Trump orders ‘precision strikes’ on Syria in response to chemical weapons attack that killed dozens

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trump syria strike

President Donald Trump ordered “precision strikes” on Syria Friday night, in response to a suspected chemical weapons attack there.
The development follows a suspected chemical attack that is widely believed to be the work of the Syrian government, which killed dozens of people.
Syria has denied any involvement in the chemical attack.

President Donald Trump announced “precision strikes” on Syria on Friday, in response to a suspected chemical weapons attack that reportedly killed dozens of people.

The “combined operation” involved the US, France, and the UK.

Syrian President Bashar al-Assad’s regime was suspected of orchestrating a chlorine attack against the rebel-held town of Douma, near the capital of Damascus, earlier this month. Although exact figures were unclear, the attack is believed to have killed dozens, many of them children. The New York Times placed the number of fatalities at around 70, with 43 of the victims showing signs of having been exposed to “highly toxic chemicals.”

“This massacre was a significant escalation in a pattern of chemical weapons use by that very terrible regime,” Trump said on Friday.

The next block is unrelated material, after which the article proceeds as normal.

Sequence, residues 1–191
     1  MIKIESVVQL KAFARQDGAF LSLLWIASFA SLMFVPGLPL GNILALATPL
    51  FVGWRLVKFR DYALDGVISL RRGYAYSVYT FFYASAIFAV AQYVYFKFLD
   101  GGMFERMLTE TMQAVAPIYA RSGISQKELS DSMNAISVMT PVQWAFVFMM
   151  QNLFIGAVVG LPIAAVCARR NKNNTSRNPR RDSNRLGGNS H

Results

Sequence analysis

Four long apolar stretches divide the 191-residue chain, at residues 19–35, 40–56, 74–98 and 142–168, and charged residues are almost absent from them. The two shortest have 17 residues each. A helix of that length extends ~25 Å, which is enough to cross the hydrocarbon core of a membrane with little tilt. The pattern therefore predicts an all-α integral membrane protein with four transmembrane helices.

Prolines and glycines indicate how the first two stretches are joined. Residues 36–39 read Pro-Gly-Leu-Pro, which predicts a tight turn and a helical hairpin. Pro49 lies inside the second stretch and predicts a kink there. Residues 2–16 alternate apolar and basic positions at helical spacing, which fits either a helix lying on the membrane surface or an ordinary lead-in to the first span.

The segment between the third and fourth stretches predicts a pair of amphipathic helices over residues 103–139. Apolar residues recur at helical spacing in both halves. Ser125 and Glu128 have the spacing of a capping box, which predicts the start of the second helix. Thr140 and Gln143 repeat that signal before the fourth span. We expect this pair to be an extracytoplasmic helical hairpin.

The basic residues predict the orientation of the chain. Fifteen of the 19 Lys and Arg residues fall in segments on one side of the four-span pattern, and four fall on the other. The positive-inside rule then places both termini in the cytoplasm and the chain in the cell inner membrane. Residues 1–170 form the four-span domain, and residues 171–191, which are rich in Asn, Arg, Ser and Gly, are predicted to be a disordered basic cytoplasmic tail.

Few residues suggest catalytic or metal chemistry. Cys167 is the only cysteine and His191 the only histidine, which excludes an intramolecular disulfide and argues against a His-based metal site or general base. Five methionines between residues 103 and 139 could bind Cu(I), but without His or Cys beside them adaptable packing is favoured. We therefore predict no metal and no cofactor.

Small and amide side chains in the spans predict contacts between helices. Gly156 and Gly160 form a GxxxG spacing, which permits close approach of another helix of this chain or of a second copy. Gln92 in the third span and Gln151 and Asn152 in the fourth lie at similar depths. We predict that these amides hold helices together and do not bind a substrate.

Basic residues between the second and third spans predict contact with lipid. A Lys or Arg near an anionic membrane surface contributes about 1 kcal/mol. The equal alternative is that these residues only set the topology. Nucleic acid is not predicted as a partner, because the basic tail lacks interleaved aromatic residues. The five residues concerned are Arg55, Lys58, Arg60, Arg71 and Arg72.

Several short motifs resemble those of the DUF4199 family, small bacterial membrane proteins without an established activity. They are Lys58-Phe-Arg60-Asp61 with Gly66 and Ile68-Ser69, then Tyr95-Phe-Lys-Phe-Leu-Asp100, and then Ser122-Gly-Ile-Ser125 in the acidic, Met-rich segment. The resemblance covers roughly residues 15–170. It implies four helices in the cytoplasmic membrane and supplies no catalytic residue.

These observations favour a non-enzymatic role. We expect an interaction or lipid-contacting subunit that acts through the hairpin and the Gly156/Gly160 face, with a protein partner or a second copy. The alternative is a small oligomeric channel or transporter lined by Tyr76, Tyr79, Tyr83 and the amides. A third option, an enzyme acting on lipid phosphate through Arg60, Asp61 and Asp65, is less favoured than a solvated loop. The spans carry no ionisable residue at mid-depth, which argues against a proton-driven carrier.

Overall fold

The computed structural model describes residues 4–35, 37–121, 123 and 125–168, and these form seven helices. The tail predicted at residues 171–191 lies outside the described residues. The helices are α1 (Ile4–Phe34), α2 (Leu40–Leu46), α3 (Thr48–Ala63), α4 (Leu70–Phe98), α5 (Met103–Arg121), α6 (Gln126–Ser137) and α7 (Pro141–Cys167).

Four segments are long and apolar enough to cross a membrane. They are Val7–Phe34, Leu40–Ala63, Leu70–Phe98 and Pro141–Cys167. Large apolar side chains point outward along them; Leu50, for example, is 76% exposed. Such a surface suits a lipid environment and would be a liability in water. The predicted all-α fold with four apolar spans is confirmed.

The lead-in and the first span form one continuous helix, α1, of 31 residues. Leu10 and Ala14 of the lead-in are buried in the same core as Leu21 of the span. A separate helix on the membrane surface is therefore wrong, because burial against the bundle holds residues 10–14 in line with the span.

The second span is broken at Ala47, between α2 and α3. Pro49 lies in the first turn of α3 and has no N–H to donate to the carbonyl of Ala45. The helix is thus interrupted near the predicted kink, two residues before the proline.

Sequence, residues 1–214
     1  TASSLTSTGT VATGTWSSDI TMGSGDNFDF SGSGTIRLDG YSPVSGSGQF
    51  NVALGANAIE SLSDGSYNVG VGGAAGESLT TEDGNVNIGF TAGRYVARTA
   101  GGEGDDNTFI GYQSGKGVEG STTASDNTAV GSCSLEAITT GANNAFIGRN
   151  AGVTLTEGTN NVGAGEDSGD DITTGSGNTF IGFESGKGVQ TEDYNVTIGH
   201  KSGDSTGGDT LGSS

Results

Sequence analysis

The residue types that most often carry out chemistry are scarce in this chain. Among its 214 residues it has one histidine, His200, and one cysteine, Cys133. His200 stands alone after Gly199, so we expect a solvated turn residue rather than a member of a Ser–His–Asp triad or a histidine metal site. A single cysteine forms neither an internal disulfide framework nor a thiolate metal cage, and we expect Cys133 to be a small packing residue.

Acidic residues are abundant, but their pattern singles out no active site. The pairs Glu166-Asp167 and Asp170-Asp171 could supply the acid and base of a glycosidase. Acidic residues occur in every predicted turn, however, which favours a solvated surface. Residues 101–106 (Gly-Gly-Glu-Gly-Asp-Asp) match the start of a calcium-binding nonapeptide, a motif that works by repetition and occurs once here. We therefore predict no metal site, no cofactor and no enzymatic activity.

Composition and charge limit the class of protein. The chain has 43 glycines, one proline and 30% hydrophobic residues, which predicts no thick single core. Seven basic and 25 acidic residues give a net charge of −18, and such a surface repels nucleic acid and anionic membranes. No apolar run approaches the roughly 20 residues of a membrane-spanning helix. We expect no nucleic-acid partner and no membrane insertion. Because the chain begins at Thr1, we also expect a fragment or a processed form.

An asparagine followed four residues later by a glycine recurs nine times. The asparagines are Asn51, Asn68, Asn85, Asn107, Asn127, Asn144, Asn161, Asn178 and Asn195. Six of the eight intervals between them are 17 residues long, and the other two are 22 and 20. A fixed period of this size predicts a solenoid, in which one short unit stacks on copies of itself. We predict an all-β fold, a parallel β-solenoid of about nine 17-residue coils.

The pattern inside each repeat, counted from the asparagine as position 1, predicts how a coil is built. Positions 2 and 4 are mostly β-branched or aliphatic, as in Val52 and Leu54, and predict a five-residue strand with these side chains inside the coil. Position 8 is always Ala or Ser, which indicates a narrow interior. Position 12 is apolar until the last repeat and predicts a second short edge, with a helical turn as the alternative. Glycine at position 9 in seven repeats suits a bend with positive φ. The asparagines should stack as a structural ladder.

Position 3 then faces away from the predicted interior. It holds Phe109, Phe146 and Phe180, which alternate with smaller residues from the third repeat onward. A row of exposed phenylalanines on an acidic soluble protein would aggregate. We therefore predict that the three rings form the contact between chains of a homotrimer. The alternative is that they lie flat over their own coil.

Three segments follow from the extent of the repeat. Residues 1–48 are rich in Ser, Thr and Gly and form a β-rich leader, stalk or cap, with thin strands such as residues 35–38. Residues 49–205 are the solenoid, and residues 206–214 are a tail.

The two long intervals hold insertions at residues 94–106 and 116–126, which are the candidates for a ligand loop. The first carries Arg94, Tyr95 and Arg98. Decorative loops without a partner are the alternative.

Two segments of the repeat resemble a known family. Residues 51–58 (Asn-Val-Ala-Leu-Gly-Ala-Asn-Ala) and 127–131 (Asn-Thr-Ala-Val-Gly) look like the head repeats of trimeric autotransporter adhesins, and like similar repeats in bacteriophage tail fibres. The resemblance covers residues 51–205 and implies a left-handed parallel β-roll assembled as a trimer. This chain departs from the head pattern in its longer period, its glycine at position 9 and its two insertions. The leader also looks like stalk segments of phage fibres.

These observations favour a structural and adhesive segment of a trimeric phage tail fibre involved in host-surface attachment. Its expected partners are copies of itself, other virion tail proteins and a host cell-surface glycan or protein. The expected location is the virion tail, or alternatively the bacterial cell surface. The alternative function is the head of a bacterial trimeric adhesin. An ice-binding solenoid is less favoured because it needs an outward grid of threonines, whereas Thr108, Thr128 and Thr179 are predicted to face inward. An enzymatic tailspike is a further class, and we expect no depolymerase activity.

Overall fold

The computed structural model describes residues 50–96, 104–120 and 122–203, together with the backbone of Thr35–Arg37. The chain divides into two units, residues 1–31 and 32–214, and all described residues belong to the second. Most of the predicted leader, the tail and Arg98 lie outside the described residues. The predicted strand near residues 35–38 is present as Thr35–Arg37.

Trump called the incident a “heinous attack on innocent” Syrians and vowed that the US would respond: “This is about humanity; it can’t be allowed to happen.”

The chemical attack prompted several nations to respond, including the UK, France, Saudi Arabia, Qatar, and Israel. Trump had reportedly talked to UK Prime Minister Theresa May and French President Emmanuel Macron this week, both of whom believed that the Syrian regime should be held accountable.

“I just want to say very clearly, that if they use chemical weapons, they are going to pay a very, very stiff price,” Defense Secretary Jim Mattis said.

Although Trump reportedly advocated for a broad military strike that would punish Syria, and to an extent, its allies Russia and Iran, he is believed to have been met with resistance from Mattis and other military officials, who feared the White House lacked a broad strategy, the Wall Street Journal reported on Friday.

The latest chemical attack follows the suspected Syrian-sponsored sarin attack in April 2017, which reportedly killed 89 people. The US responded by firing 59 Tomahawk missiles at a Syrian airbase that was suspected of playing a role in the chemical attacks.

Despite overwhelming evidence of the government’s involvement in the attacks, Syria has denied responsibility for both incidents.

In addition to Assad’s denials, Russia, one of Syria’s staunchest allies, has also dismissed the allegations as “fake news,” and said its own experts found no “trace of chlorine or any other chemical substance used against civilians.”

On Tuesday, Russia took its response a step further and vetoed the US-backed United Nations resolution that condemned the apparent chemical attack.

US ambassador to the UN Nikki Haley rebuked the decision and called it a “sad day.”

“When the people of Douma, along with the rest of the international community, looked to this council to act, one country stood in the way,” Haley said. “History will record that. History will record that, on this …read more

Source:: Business Insider

      

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